"Friendly and professional staff, felt like I was..."

About: University College Hospital

What I liked

I stayed in the hospital for two days (one night) and was very happy with the way I was treated. The staff seems to work under quite a lot of pressure but the whole system still seems well-organised most of the time. The doctors who did my surgery and the nurses looking after me were all friendly and professional. Also I want to say a special thank you to the health care assistant in the ward who, outside the normal mealtimes, instead of just bringing me the normal snackbox, actually made me some lovely toast and tea. It was very kind of her, and I agreed with her that some of the food (crisps) in the snackbox was quite unhealthy! (Why are people given crisps in a hospital??) The ward receptionist was also very helpful when I was picking up my sick certificate.

What could be improved

I was not fully happy with the consultant to whom I was referred and who I met a few months before my surgery. He was friendly but didn't seem like he had actually read through my case and was just stating some obvious facts which I had already been told over a year ago. What he told me was quite the opposite of what I had been told by other doctors. It is frustrating that even with specialists (not even to mention GP's) every doctor has a different view of your problem. Of course they often cannot be sure and it is ok if they say "your case could be like this, of it could be like that". However they usually don't explain too much, just make a quick conclusion. At the end I went to the sciencedirect website to find some review papers about my problem, just to find more information.

Anything else?

I was very happy with the way I was treated in the ward. However, I do wonder if the elderly people always get treated as they need (this is a problem everywhere and I don't think the UK is an exception). The point is, I am young, can hear and see well and didn't have big problems with moving around or eating even straight after my surgery. But how about elderly people? Do the staff always speak to them loudly and clearly enough? When food is brought to them, does anyone help them into a comfortable sitting position and bring the food near enough so that they can actually eat? If they don't eat their meals does anyone find out why? (Hence malnutrition of elderly people in hospitals is common, especially since they may already come in malnourished). I am not saying I saw elderly people treated badly in UCH, I just think this is a point worth raising in every hospital, especially after seeing what a large amount of different staff, who often don't work together, treat the patients.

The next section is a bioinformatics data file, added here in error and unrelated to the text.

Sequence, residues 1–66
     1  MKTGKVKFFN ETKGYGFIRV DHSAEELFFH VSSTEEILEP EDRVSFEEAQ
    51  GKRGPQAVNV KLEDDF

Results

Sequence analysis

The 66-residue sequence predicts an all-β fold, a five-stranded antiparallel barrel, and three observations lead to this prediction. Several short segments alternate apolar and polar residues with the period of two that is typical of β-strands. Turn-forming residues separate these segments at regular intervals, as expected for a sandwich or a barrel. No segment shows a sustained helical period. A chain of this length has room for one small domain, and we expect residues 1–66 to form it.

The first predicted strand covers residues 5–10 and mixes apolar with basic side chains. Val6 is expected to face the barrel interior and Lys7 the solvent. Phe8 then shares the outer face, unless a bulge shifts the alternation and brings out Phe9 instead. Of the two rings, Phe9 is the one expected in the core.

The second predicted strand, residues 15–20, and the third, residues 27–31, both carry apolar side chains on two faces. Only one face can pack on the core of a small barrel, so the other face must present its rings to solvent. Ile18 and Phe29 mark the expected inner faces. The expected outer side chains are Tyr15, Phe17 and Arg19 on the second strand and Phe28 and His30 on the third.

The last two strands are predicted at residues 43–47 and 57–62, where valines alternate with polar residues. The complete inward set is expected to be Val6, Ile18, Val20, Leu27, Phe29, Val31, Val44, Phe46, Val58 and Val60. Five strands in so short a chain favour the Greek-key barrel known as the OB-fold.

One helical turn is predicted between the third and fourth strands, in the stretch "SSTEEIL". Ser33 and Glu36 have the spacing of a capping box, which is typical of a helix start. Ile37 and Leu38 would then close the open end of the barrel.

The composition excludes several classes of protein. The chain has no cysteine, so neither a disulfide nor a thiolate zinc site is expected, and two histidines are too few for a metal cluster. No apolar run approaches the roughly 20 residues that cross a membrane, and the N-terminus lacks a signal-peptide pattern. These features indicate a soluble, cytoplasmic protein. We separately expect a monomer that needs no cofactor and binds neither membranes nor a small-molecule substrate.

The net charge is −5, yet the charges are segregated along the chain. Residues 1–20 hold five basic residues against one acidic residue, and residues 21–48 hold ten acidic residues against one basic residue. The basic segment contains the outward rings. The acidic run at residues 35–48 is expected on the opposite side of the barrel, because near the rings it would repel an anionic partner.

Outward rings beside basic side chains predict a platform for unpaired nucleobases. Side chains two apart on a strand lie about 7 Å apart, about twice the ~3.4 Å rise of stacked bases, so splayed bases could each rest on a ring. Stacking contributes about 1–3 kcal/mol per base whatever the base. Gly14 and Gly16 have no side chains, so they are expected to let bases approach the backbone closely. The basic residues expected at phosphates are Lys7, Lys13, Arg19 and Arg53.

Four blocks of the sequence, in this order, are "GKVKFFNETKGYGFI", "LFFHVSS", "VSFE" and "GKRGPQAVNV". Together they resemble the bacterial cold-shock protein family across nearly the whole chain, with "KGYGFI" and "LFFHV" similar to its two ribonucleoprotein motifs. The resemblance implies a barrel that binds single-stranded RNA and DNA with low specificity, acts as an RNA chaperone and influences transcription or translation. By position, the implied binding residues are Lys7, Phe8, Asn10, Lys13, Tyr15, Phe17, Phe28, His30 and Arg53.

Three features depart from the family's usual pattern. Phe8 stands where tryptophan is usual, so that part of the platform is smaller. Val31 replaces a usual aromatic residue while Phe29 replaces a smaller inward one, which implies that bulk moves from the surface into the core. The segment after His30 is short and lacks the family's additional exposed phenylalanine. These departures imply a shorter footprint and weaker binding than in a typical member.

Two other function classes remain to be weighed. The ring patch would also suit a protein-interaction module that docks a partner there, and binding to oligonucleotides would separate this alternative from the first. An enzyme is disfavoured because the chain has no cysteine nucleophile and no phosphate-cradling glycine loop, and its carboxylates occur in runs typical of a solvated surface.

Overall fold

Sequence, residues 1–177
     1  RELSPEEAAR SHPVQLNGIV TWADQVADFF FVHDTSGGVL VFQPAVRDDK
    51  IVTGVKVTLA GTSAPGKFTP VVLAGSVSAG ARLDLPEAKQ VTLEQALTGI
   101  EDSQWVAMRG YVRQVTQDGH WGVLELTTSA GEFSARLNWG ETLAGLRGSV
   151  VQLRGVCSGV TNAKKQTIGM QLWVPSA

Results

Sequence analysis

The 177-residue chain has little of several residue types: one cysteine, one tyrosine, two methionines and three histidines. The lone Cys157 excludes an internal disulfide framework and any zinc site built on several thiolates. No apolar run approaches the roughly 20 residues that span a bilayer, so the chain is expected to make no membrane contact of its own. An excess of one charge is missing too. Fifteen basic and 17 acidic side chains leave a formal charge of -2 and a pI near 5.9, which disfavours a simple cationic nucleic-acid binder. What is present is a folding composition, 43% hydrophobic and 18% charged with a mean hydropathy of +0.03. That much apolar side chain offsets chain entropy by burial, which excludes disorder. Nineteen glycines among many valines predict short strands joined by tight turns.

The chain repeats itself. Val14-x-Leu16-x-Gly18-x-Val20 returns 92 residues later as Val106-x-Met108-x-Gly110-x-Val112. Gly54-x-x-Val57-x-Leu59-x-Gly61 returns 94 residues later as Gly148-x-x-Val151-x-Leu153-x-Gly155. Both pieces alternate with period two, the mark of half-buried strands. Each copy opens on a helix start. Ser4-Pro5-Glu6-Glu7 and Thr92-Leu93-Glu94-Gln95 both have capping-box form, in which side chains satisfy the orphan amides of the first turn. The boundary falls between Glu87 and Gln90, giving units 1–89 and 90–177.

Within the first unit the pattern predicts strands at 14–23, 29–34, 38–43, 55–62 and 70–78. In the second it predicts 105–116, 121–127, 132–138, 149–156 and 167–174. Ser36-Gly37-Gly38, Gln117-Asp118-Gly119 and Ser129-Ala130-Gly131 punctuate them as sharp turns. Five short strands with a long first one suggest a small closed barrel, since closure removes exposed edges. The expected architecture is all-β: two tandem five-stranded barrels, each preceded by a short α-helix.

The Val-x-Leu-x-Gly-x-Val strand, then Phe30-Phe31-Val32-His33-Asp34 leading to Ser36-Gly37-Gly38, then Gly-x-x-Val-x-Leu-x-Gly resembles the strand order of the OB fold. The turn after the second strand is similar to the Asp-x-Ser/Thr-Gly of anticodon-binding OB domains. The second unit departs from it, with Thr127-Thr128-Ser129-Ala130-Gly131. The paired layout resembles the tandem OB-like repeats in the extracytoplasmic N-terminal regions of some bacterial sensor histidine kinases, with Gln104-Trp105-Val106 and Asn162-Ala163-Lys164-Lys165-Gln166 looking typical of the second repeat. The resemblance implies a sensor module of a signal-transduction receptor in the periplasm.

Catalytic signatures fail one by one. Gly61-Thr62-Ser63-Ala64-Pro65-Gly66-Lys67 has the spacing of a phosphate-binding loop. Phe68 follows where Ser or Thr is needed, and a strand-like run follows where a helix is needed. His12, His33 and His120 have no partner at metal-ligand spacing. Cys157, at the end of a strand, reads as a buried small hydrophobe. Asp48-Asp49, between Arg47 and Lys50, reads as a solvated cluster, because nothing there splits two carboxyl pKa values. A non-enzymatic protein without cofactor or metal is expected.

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Response from University College Hospital

Thank you for your comments regarding the contents of the snax boxes. The snax boxes provided by the Trust contractor have recently been reviewed and changed by the dieticians to now contain a variety of rolls with fruit, yoghurt and fruit juice.

I am sorry you were not completely happy with the care you received from your consultant. It is important for clinical staff not to assume anything when they are seeing a patient for the first time so sometimes they may repeat information you have already heard before to ensure that it is covered. I appreciate that this can be a little frustrating as it feels like you are repeating the same ground but clinical staff are required to ensure patients are well informed and cannot assume that these discussion have already taken place. I am sorry if you felt that you were not given enough in-depth information about your condition or procedure. We try to ensure patients are given information leaflets in clinic or directed to websites were they are able to get more information. Outpatient consultations sometimes suffer from time constraints so in some cases clinicans may encourage patients to read further information at their leisure and then return to clinic if they have further question. I am very sorry if you were not provided with the detail of information you would have liked or directed to further. We will discuss your comments at the urology clinical governance meeting which is attended by all consultants and clinical staff within the urology department and will try to learn from the comments you have provided us with. Thank you for taking the time to provide us with feedback on your experiences.

Thank you for your thoughts regarding care for elderly patients in hospital, we are pleased that you did not witness any concerns relating to this during your admission. We agree that these are points to be addressed in hospitals to ensure the needs of all patietns are met. At UCLH we have various strategies in place to ensure that elderly patients are treated with respect, dignity and that all their needs are met. These include the red tray system which alerts all staff to those who require assistance at meal times; protected meal times to ensure that patients are not interrupted during their meals and to ensure that the nursing staff are available on the wards at these times to provide any assistance required and monitoring of food and fluid irequirements and ntake. This involves assessing the nutritional status and needs of all patients on admission and regularlly throughout their stay, monitoring the intake of those who are at risk of malnutrition, proving a supplementary menu to provide more choice and referal to dieticians. Assistance at meal times is a priority for the nursing teams and the provision of this is monitored by the Ward Sisters and Charge Nurses and the Matrons.

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